Source: The Lloyd’s Loading List; BIFA
Date: 18th October 2021
London Heathrow sets to become the latest Worldwide Flight Services (WFS) cargo station to introduce automated ‘CargoKiosk’ technology to simplify and digitalise the processing of truck and drivers making cargo deliveries and collections, as leading air freight handlers to make further significant strides to belatedly digitalise air freight processes.
WFS first introduced the CargoKiosk technology in Brussels in 2019 and it went ‘live’ in Amsterdam this summer. Following next month’s launch at Heathrow, 2022 will see the digital process introduced at other major cargo stations, including Paris-CDG, Liege, Barcelona, Madrid, Milan and Frankfurt. WFS is also developing similar concepts for its operations at New York JFK and in South Africa.
Rival Swissport has also been rolling out self-service cargo kiosks across its network of global cargo handling facilities as part of several ongoing investments in new technologies and automation at its warehouses. It said self-service cargo kiosks “enable truck drivers to skip counter queues and manual paperwork processing. The kiosks help saving valuable time and often speed up the delivery of time-critical shipments, benefiting Swissport and its customers alike.”
WFS explained that “traditionally, drivers arriving on-site go to the station’s reception desk where their paperwork is checked manually before they are assigned a loading bay”, with the new process expected to “help customers optimise their valuable driver resources”.
With CargoKiosk, the driver, vehicle and cargo authorisation process is completed electronically prior to the truck arriving on-site, so the driver simply has to enter their ID and follow the touchscreen prompts on the kiosk to conduct the full acceptance and delivery process. When a suitable door becomes available, they receive an SMS or app notification and can then move their truck to the assigned loading bay to load or unload their cargo, WFS said.
Group Chief Information Officer at WFS, commented: “CargoKiosk is another important part of our digital roadmap. WFS’ Landside Digitalisation project –one part of this roadmap – will bring improvements in Service Level Agreements and truck handling times.”
That consists of three elements, he said, outlining: “Digital pre-announcement where freight forwarders send us advance notification of their booking; driver self-service using the kiosk concept or smartphone app; and doors management to optimise the allocation of trucks to doors and even pre-stage freight next to the correct door in advance. These are all meaningful improvements for our customers and we aim to do more by working hand-in-hand with the cargo community systems at the airports we serve.”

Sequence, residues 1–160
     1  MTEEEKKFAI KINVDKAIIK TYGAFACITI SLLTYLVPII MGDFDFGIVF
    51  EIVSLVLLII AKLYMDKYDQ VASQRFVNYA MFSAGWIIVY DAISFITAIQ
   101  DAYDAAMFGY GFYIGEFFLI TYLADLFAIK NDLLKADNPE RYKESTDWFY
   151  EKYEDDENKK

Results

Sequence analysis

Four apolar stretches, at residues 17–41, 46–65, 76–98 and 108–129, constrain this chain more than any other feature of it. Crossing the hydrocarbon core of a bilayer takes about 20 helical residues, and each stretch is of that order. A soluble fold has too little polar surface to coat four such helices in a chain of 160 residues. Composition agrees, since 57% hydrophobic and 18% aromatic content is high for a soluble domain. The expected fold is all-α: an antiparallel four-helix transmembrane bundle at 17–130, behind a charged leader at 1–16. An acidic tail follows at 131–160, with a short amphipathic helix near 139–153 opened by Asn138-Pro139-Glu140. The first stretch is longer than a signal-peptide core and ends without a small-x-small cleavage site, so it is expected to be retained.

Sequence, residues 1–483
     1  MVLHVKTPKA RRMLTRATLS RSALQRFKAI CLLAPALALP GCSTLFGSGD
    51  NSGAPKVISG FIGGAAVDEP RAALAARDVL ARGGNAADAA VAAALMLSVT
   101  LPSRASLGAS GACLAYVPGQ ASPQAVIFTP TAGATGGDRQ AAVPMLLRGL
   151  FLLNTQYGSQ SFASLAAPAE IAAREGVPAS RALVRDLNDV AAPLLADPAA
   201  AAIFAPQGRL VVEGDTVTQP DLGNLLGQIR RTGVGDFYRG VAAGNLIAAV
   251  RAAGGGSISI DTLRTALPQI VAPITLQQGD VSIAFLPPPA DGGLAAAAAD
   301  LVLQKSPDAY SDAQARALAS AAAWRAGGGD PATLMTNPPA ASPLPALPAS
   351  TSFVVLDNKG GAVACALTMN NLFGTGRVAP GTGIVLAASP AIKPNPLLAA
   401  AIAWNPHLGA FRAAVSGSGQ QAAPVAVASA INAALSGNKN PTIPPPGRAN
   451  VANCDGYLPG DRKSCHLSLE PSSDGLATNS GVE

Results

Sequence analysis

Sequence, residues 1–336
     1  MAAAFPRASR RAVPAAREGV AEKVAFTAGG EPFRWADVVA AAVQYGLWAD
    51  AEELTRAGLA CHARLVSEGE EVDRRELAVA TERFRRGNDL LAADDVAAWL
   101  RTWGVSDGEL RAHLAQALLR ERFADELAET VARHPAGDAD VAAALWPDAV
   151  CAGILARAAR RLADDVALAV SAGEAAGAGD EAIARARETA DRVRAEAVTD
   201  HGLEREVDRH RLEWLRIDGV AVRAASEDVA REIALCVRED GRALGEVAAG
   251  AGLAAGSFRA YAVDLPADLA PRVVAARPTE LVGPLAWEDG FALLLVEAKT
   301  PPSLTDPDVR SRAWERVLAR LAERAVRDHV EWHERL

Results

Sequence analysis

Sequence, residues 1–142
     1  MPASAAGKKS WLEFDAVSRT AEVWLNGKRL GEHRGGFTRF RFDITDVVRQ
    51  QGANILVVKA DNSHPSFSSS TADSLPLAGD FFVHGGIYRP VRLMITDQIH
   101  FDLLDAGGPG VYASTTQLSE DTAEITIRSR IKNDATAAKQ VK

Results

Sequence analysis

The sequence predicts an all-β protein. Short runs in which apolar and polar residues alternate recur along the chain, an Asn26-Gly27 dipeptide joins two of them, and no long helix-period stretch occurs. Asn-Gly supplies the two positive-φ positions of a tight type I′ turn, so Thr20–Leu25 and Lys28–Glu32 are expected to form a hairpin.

WFS’ Executive Vice President for EMEAA, commented: “Given the severe shortage of truck drivers internationally, our customers value all initiatives which save their drivers time and improve their productivity.
“Using CargoKiosk, we can support this by removing the need to wait at the reception counter on arrival, reducing the time required on-site to load or unload, and providing a fast, transparent and fully digital process which is more efficient and, most importantly, compliant with our security checks. This gives us a significant opportunity to improve the driver experience and to optimise our warehouse workload and resourcing.”
Earlier this month, WFS also announced it has signed a long-term agreement to move its core cargo management system in the Europe, Middle East, Africa and Asia (EMEAA) region to a new SaaS solution as part of its digital roadmap to standardise systems across the WFS group, eliminate paperwork and improve customers’ real-time visibility of cargo handling milestones in support of service excellence.
Headquartered in Paris, WFS is the world’s largest air cargo handler and one of the leading providers of ground handling and technical services, with annual revenues of over €1.1 billion. Its 22,300 employees serve more than 270 airlines at 170 major airports in 20 countries on five continents.